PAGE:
ODAC Recommends Accelerated Approval of new Lymphoma Drug

Adcetris treats Hodgkin Lymphoma and ALCL

/ Author:  / Reviewed by: Joseph V. Madia, MD

(RxWiki News) The Oncologic Drugs Advisory Committee (ODAC) to the U.S. Food and Drug Administration (FDA) has voted unanimously to recommend that the FDA grant accelerated approval of Adcetris (brentuximab vedotin).

Adcetris treats patients with Hodgkin lymphoma who have relapses after a stem cell transplant. The committee also recommended approval of the drug to treat relapsed or refractory systemic anaplastic large cell lymphoma (ALCL).

"Lymphoma patients may soon have new treatment options."

The drug is known as an antibody-drug conjugate (ADC) that targets a marker of Hodgkin lymphoma and ALCL called CD30.

The ODAC's recommendations are based on two trials investigating its impact on both diseases. The FDA is not obligated to agree with this recommendation.

As a targeted therapy Adcetris goes after and kills only the cancerous cells containing the CD30, while sparing the healthy cells. This mechanism offers a potentially more powerful effect on the tumor, while minimizing toxicity.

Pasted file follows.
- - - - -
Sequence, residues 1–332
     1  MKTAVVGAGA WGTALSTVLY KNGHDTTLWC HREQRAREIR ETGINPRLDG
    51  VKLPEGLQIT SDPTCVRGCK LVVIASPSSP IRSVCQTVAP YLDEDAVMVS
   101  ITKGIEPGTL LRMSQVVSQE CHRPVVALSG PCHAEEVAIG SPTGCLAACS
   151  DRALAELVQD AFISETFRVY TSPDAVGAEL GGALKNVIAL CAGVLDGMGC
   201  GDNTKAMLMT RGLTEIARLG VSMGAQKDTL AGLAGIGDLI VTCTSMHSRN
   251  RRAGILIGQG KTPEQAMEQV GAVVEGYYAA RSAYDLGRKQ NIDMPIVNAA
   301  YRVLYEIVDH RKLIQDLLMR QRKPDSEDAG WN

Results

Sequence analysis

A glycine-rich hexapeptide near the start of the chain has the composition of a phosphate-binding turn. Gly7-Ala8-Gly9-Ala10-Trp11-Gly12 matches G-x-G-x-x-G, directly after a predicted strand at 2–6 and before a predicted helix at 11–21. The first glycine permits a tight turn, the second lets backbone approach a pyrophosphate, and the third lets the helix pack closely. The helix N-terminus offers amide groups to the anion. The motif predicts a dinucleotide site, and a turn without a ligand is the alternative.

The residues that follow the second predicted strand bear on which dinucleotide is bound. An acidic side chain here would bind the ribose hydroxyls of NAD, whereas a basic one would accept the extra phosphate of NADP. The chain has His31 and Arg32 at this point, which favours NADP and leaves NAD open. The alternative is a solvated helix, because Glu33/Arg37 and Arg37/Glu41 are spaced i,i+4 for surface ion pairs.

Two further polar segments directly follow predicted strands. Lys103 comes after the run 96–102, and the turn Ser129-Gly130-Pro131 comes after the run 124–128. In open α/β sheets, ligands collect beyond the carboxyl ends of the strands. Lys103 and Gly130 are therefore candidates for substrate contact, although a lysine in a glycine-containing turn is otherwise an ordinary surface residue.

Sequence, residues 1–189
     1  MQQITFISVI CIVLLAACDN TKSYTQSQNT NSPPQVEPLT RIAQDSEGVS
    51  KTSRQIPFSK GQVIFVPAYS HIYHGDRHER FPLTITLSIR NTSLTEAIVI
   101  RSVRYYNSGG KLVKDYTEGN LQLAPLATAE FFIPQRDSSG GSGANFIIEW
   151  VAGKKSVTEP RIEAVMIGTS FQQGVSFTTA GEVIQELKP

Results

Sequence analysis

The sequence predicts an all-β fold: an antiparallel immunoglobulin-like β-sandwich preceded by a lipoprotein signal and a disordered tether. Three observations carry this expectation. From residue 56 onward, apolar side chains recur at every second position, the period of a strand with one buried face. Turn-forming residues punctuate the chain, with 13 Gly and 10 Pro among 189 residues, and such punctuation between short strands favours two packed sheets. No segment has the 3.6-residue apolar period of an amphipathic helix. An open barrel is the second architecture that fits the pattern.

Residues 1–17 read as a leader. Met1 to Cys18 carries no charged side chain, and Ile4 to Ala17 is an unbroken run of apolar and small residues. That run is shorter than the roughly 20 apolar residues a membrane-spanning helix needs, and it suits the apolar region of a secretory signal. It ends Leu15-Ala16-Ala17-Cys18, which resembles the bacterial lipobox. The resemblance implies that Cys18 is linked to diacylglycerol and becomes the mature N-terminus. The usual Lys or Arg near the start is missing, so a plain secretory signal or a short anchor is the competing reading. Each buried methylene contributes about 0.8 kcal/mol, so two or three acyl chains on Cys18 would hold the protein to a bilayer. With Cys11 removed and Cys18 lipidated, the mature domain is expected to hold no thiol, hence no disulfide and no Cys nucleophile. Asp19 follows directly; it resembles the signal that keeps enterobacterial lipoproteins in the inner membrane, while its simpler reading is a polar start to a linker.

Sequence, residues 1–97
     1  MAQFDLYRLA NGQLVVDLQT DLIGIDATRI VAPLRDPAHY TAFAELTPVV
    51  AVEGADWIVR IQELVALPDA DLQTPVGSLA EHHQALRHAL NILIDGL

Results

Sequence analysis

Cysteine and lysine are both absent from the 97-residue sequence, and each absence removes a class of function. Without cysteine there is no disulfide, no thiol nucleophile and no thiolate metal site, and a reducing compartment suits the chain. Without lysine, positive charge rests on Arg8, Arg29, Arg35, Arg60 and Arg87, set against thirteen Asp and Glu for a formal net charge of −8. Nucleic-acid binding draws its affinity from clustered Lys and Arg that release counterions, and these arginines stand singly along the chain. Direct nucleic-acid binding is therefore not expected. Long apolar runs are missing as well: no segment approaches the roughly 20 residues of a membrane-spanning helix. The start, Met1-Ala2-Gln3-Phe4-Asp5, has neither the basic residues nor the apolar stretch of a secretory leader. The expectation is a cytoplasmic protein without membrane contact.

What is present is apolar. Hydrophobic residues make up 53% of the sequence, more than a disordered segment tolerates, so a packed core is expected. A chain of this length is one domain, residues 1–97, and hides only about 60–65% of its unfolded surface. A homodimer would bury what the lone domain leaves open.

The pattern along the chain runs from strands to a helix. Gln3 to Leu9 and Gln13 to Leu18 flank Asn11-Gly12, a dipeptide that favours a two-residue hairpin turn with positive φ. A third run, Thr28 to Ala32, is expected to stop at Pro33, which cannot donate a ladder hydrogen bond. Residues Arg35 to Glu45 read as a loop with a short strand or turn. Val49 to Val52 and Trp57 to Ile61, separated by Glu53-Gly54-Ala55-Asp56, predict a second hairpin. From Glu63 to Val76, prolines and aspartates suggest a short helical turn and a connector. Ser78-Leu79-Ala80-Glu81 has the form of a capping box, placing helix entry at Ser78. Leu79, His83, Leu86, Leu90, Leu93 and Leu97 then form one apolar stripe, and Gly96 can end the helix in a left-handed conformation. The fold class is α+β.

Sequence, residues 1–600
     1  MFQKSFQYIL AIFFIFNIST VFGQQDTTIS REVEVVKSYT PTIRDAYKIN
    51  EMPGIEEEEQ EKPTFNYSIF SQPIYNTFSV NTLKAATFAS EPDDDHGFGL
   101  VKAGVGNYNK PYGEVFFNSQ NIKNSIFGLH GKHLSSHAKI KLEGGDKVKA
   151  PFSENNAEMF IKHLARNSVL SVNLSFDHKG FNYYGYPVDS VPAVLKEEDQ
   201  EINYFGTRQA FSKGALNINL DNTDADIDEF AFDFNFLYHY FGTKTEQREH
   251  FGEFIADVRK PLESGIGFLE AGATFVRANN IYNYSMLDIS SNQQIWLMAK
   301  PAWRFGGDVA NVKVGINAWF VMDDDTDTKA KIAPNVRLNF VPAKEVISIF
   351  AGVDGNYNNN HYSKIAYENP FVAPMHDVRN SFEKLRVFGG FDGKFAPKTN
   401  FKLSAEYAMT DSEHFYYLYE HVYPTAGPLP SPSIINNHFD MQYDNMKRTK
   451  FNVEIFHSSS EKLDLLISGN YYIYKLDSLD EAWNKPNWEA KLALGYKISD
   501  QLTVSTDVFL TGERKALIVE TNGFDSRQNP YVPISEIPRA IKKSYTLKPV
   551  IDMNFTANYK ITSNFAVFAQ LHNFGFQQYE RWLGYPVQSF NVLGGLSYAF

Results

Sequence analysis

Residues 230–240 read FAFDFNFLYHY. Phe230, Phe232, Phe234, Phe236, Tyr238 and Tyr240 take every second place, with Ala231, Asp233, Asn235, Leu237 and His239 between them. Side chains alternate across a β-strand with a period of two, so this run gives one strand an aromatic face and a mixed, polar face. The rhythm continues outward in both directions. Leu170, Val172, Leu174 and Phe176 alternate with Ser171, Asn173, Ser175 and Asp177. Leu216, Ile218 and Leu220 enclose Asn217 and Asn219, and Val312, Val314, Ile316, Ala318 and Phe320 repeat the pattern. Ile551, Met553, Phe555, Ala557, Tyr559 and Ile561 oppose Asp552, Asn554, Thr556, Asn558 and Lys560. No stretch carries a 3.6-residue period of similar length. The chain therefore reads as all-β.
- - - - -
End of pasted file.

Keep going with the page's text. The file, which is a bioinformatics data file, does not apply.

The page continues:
Adcetris is being developed Seattle Genetics in collaboration with Millennium: The Takeda Oncology Company. The drug is currently being reviewed by the European Medicines Agency.

The FDA is expected to make its final decision on approval by August 30, 2011.

Lymphoma refers to a group of cancers that start in the lymphatic system. The major types of the disease are Hodgkin lymphoma and non-Hodgkin lymphoma. Hodgkin lymphoma is distinguished from other forms of the disease by the presence of what's known as the Reed-Sternberg cell, which expresses the CD30 antigen. An antigen is seen by the body as a foreign invader.

Anaplastic large cell lymphoma - ALCL - is an aggressive kind of non-Hodgkin lymphoma that expresses a high level of CD30.

According to the American Cancer Society,an estimated 8,800 cases of Hodgkin lymphoma and about 2,000 cases systemic ALCL will be diagnosed in the United States in 2011.

Reviewed by: 
Review Date: 
July 14, 2011
Last Updated:
December 5, 2012